With the ending of the most recent legislative session on May 2, 2014, the Florida Legislature addressed the issue of what many attorneys in Florida have considered the unlicensed practice of law by community association managers. House Bill 7037 was adopted this term and expands the role that CAMs play in the associations that they administrate. Effective July 1, 2014, community association managers will now have a much broader scope of powers and duties, including the ability calculate the votes required for a quorum or to approve an amendment, to negotiate financial terms of contracts (subject to approval by the association), determine amounts due to the association before the filing of a civil action, draft pre-arbitration demands, meeting notices and agendas, and calculate and prepare assessment and estoppel certificates.
However, many of the recent amendments to a community association manager’s responsibilities are directly contradictory to the opinion of The Florida Bar, which has taken this issue to the Florida Supreme Court. Pursuant to the state’s constitution, the Supreme Court has exclusive jurisdiction to define the practice of law and regulate the unlicensed practice of law in the state.
As I wrote in this blog in October of 2012, the Supreme Court previously adopted an advisory opinion that found that managers would be engaging in the unauthorized practice of law if they should prepare claims of lien and satisfactions of claims of lien documents, as these documents require legal descriptions of the property and establish the lien rights of community associations. The opinion also provided that the drafting of a notice of commencement form would also constitute the practice of law, as would determining the timing, method and form of giving notices of meetings, and determining the votes necessary to take certain actions – because such determinations necessitate an interpretation of Florida law and the association’s governing documents. In addition, responding to the association’s questions regarding the application of the law to specific matters being considered and advising the association that a specific course of action may or may not be authorized under the law would also constitute the practice of law by a CAM.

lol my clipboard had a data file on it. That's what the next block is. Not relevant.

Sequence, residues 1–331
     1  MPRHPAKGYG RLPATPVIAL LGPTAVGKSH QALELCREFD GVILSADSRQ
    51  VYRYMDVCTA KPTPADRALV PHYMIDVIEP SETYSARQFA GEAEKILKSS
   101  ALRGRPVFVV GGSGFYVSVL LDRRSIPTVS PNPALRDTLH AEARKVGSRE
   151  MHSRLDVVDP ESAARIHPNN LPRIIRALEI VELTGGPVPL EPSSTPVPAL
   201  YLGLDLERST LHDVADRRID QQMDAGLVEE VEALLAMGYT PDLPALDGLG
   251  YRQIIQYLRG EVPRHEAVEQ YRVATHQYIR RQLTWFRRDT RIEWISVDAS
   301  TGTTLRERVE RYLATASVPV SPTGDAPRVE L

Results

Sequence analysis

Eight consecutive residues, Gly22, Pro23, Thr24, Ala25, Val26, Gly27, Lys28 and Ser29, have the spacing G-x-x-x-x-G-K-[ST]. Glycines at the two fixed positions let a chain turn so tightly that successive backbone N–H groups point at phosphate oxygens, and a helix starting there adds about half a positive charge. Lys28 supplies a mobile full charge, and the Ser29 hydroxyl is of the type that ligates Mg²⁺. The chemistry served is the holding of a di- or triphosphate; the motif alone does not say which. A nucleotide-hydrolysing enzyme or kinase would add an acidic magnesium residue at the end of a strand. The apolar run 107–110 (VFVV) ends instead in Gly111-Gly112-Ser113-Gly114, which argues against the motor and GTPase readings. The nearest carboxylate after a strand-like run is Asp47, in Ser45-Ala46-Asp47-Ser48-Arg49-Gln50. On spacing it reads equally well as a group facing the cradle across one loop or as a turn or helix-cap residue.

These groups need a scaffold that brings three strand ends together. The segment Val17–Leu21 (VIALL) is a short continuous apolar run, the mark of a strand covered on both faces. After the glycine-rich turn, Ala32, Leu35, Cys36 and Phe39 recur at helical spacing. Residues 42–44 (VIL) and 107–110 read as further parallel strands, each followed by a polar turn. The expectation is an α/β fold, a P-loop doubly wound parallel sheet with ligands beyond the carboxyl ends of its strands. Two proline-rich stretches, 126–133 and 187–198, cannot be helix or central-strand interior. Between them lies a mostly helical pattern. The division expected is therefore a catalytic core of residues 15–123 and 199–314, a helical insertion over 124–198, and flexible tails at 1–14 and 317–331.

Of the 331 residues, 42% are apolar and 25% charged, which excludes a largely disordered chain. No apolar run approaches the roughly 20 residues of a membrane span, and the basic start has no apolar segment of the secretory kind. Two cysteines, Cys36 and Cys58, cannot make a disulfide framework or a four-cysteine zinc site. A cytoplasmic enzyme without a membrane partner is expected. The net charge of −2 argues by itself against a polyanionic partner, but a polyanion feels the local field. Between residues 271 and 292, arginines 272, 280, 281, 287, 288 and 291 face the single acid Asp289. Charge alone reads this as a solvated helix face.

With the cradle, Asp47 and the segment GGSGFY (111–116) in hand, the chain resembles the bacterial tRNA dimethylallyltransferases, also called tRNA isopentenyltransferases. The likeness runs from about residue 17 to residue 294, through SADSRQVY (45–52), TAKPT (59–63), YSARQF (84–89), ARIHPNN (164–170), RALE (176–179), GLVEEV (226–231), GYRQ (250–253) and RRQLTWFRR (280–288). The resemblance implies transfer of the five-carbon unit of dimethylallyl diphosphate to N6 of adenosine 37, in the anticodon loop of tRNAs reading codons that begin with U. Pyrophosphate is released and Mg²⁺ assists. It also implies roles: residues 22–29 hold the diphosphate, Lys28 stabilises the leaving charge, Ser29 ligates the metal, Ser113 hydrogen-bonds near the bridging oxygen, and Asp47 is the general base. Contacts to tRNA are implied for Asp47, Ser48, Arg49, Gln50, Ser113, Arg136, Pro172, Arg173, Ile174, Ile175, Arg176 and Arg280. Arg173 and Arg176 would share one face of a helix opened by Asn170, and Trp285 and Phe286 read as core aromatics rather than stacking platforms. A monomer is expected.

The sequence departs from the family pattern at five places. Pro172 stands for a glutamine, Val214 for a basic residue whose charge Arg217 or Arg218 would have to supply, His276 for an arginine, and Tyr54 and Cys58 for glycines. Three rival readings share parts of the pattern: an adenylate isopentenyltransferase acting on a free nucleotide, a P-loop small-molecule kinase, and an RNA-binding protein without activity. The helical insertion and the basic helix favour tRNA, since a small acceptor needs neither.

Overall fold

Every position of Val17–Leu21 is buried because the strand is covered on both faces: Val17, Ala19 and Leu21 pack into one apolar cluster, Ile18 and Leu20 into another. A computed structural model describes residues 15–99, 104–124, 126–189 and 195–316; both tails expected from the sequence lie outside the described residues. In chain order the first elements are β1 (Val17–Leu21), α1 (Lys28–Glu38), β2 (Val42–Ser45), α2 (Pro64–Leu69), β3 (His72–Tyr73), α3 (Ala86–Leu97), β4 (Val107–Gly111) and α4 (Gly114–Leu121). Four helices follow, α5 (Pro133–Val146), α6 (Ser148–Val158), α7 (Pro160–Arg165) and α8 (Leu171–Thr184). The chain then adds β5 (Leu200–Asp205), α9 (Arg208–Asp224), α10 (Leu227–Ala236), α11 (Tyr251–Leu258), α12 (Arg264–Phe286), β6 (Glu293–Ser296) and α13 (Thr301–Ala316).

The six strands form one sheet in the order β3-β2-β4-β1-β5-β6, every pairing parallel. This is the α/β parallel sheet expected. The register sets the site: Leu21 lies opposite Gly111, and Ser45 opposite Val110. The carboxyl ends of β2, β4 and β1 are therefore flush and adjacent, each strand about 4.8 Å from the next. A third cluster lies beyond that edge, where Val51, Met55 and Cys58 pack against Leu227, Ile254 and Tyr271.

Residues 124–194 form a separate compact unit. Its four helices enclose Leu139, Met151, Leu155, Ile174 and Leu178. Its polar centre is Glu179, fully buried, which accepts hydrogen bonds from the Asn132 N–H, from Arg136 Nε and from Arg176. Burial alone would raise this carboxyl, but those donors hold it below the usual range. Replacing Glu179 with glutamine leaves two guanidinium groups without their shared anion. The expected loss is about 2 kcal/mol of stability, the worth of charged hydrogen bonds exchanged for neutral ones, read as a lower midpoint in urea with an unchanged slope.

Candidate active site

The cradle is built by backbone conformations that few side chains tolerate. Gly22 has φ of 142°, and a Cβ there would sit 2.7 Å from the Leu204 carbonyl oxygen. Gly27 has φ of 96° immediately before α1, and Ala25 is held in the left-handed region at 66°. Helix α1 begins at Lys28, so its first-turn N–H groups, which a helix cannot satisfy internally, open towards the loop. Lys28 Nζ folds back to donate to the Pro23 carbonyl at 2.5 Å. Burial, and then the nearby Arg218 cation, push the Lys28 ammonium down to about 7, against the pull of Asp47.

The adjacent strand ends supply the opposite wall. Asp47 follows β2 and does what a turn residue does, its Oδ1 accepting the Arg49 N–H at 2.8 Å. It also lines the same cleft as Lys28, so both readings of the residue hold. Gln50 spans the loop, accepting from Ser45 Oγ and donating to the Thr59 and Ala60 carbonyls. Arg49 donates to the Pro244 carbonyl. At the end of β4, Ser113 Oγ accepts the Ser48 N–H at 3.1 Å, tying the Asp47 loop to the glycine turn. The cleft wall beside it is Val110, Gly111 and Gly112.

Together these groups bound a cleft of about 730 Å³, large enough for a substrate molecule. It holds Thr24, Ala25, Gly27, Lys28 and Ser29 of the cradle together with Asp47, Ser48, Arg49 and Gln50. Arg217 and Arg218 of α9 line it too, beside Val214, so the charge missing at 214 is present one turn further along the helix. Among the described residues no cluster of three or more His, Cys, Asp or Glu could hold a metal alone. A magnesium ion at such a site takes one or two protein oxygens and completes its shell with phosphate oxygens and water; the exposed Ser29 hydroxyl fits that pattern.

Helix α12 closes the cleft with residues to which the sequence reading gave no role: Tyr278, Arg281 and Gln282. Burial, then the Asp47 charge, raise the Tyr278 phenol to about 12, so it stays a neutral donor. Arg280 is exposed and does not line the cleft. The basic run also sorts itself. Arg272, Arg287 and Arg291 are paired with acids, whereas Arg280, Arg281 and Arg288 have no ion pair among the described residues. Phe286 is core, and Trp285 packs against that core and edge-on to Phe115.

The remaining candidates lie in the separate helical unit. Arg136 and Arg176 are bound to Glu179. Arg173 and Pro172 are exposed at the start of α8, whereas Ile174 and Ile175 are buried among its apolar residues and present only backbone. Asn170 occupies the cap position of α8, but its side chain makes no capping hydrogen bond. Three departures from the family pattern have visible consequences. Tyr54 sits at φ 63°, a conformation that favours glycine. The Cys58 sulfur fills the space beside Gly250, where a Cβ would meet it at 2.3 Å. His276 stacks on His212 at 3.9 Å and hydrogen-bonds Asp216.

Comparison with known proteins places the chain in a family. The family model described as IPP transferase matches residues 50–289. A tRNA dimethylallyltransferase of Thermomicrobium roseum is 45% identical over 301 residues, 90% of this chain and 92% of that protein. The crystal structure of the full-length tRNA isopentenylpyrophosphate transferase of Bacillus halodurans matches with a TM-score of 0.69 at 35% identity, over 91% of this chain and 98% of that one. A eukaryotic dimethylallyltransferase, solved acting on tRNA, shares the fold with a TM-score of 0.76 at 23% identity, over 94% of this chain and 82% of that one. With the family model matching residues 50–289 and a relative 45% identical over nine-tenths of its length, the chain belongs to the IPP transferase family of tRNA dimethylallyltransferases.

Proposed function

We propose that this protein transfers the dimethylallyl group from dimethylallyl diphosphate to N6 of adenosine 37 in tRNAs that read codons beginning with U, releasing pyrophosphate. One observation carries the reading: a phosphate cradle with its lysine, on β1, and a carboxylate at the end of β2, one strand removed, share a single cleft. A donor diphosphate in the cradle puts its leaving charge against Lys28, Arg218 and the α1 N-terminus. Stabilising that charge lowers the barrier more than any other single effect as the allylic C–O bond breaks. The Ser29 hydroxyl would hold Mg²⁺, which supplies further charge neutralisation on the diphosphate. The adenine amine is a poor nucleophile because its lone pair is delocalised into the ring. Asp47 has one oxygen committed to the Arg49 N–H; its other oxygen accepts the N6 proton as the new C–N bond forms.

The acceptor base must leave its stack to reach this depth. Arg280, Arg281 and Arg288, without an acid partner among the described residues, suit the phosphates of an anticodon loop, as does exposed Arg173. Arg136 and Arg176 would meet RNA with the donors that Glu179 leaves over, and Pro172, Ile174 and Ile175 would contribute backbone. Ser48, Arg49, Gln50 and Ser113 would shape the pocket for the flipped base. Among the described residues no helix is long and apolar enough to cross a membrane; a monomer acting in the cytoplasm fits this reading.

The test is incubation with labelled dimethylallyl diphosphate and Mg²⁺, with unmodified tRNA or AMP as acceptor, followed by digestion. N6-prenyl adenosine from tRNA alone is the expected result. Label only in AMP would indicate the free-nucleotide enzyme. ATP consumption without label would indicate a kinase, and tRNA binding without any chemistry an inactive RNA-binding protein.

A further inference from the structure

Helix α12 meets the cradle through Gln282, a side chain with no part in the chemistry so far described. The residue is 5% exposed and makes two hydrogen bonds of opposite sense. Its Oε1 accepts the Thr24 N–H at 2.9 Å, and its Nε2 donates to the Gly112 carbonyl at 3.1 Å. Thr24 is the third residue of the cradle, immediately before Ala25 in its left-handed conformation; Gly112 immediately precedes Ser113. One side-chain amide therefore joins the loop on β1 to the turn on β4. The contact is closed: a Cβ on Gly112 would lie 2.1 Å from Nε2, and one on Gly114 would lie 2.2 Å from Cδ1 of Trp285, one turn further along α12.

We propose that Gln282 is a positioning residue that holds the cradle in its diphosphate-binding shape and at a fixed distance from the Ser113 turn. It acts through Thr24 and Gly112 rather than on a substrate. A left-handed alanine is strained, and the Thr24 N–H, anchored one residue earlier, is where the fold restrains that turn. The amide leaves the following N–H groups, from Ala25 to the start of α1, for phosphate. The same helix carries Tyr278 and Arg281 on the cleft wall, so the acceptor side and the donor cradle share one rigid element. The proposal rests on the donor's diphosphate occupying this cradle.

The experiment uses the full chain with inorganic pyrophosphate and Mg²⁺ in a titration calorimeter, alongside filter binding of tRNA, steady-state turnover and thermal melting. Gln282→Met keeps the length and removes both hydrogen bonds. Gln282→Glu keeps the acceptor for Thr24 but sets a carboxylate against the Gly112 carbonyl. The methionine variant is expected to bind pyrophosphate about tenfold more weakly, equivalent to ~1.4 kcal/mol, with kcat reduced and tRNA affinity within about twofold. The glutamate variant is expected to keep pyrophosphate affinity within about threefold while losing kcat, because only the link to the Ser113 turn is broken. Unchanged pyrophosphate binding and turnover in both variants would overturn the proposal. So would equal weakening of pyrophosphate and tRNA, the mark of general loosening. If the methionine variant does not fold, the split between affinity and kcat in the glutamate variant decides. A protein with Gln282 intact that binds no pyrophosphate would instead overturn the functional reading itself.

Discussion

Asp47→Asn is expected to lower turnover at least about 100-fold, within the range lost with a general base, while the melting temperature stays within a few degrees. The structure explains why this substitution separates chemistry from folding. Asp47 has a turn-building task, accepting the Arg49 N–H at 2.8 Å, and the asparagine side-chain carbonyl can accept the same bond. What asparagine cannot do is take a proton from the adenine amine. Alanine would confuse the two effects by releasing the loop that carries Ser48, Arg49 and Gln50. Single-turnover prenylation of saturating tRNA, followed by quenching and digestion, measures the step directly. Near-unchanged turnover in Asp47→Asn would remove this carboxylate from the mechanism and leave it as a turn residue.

While many associations believe that they will be able to avoid additional expenses in legal fees if managers perform these tasks, there are a number of legal decisions that illustrate the complications that can arise when managers take on legal responsibilities. Compliance with a statute is critical when it comes to demand letters, claims of lien and pre-arbitration notices. In many cases, associations have ended up incurring more in legal fees to correct mistakes than they likely would have had to spend had they originally used their attorney.
Association boards should bear in mind that the preparation of claims of lien, notices of commencement and other legal documents do not typically result in significant attorney fees, but the ramifications of errors in these documents and forms can prove to be very costly. It is simply not worth the risk for associations or their managers to prepare these documents in order to avoid the relatively nominal legal fees.